This is also a time when I am reminded of values that are particularly dear to me—the values of generosity and industriousness. For me, those values go hand-in-hand. I am able to be generous because I work hard, and I am always busy. I am thankful that education, both education in my community as a Native woman and through formal college experiences, gave me more tools to make my values a reality.
One of my greatest joys is to give gifts. I am so grateful to be in a position where I have the motivation and resources to give to others. During the holiday season and at the end of the calendar year, I like everyone else, felt bombarded with gifting opportunities. I always feel like I should do more. It makes me think about the purpose of giving and how I learned about the value of sharing from my lived experiences as an Indigenous woman.
I grew up in a household where giving was the norm—not necessarily material gifts, although we certainly got birthday and Christmas presents and our parents would often give us something special on payday, but rather the gifts of time and attention, shared food, and financial resources. No one who came to visit us left hungry. If people needed help—gas or grocery money or someone to help them with their children or with an event like a birthday party, an honoring, or a funeral—we were there. My dad’s mom generously gave of her time and resources to ensure that we were recognized for our achievements and, in keeping with modern traditions, we received our tribal names through a public ceremony that she and my grandfather hosted.
Not surprisingly, my grandmother gave my mother the name Tawacin Waste Win, which translates as a woman who acts with good intentions and who is a generous woman. One time, I gave my mother a whole set of new kitchen items and soon after she gave them to my brother. Another time, I wrapped my hunka parents (adopted through Native tradition) with star quilts and they literally took them off their backs and gave them away.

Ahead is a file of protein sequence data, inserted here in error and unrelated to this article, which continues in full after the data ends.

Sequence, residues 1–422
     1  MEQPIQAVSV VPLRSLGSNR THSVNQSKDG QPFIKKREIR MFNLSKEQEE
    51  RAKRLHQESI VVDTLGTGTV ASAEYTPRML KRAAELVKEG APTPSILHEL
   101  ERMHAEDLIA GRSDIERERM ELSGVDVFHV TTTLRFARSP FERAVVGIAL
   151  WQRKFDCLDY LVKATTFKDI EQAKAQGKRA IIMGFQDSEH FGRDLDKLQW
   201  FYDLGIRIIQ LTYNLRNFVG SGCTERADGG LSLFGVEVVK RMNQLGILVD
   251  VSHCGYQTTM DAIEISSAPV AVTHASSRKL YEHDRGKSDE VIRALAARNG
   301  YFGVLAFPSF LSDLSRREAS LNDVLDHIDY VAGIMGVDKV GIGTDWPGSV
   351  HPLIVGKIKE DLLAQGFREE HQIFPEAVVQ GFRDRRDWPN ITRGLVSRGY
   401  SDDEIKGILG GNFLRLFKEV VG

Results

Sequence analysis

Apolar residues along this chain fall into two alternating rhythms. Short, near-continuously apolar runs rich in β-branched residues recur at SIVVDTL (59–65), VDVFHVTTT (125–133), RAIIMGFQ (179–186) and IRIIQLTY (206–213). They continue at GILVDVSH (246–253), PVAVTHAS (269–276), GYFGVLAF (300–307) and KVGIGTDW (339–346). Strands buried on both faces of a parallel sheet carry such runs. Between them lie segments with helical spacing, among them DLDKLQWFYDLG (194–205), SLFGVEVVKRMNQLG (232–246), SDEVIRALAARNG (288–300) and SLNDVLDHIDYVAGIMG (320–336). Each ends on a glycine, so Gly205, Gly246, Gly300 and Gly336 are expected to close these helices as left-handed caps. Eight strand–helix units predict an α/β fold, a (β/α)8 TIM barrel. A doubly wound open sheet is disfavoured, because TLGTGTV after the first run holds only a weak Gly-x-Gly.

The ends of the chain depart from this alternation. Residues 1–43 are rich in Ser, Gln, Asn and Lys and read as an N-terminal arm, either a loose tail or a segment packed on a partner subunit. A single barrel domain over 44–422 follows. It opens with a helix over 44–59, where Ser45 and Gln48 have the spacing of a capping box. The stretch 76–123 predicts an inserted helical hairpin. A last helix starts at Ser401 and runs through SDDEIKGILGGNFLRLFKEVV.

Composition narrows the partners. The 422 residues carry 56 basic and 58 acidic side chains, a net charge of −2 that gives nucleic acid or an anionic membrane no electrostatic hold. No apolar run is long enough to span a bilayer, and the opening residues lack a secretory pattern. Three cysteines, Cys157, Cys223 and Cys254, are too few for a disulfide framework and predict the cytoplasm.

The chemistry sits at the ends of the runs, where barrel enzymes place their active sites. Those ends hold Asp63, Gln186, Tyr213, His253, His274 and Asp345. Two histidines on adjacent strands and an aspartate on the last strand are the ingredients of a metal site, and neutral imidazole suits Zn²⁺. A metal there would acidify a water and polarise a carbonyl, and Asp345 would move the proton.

I learned through these actions that time, resources, and material goods were all to be shared with others. And I learned, over time, that as I put my education to good use, more financial resources make it possible for me to give more generously. I use my own education, which transformed my life, to help transform the lives of others.
Giving small gifts like beaded pins or earrings or a favorite book are a way for me to recognize and appreciate the contributions of others. The same is true of making sure that new babies have a quilt so they can be wrapped in warmth and welcomed to the human world or giving a quilt or eagle feather in honor of achievements to show that others also see the results of one’s resilience and commitment. It isn’t the size of the gift; it is the act of giving that makes the difference.
When giving I also think of the students we serve. As our students finish their fall semesters, they are given the small gift of time–time to spend with friends and family, take a breath, and clear their minds for what comes next in their educations.
The “giving season” may be over but because of my Native values and my work at the American Indian College Fund, I know that giving is not just relegated to one season—and it is about more than a season. Giving is about creating connections, building community, and generating hope all year long. At the American Indian College Fund, we are reminded that the scholarships and support we give students and tribal colleges and universities are gifts that come from the generous hearts of others, who also see that giving matters. And our students and institutions, who are the recipients of that generosity, feel seen and acknowledged that their pursuits are valued and matter.
On behalf of our students, tribal colleges and universities, I would like to thank you for your support throughout the past year and in the coming year ahead, especially now, when the act of giving is as important as the gift itself.